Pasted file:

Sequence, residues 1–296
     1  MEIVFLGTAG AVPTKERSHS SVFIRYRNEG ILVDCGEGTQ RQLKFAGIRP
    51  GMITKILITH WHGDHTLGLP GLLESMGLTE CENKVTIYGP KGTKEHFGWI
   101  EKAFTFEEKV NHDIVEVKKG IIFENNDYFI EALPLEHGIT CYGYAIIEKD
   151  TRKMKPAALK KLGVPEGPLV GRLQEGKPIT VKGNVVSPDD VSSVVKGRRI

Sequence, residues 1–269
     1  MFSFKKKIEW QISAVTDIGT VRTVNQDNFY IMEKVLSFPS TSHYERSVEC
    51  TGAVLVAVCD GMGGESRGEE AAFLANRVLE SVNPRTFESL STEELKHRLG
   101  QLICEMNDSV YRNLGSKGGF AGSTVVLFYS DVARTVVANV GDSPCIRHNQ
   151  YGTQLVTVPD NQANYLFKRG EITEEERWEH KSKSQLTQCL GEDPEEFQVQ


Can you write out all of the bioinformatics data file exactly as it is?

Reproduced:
Sequence, residues 1–296
     1  MEIVFLGTAG AVPTKERSHS SVFIRYRNEG ILVDCGEGTQ RQLKFAGIRP
    51  GMITKILITH WHGDHTLGLP GLLESMGLTE CENKVTIYGP KGTKEHFGWI
   101  EKAFTFEEKV NHDIVEVKKG IIFENNDYFI EALPLEHGIT CYGYAIIEKD
   151  TRKMKPAALK KLGVPEGPLV GRLQEGKPIT VKGNVVSPDD VSSVVKGRRI

Sequence, residues 1–269
     1  MFSFKKKIEW QISAVTDIGT VRTVNQDNFY IMEKVLSFPS TSHYERSVEC
    51  TGAVLVAVCD GMGGESRGEE AAFLANRVLE SVNPRTFESL STEELKHRLG
   101  QLICEMNDSV YRNLGSKGGF AGSTVVLFYS DVARTVVANV GDSPCIRHNQ
   151  YGTQLVTVPD NQANYLFKRG EITEEERWEH KSKSQLTQCL GEDPEEFQVQ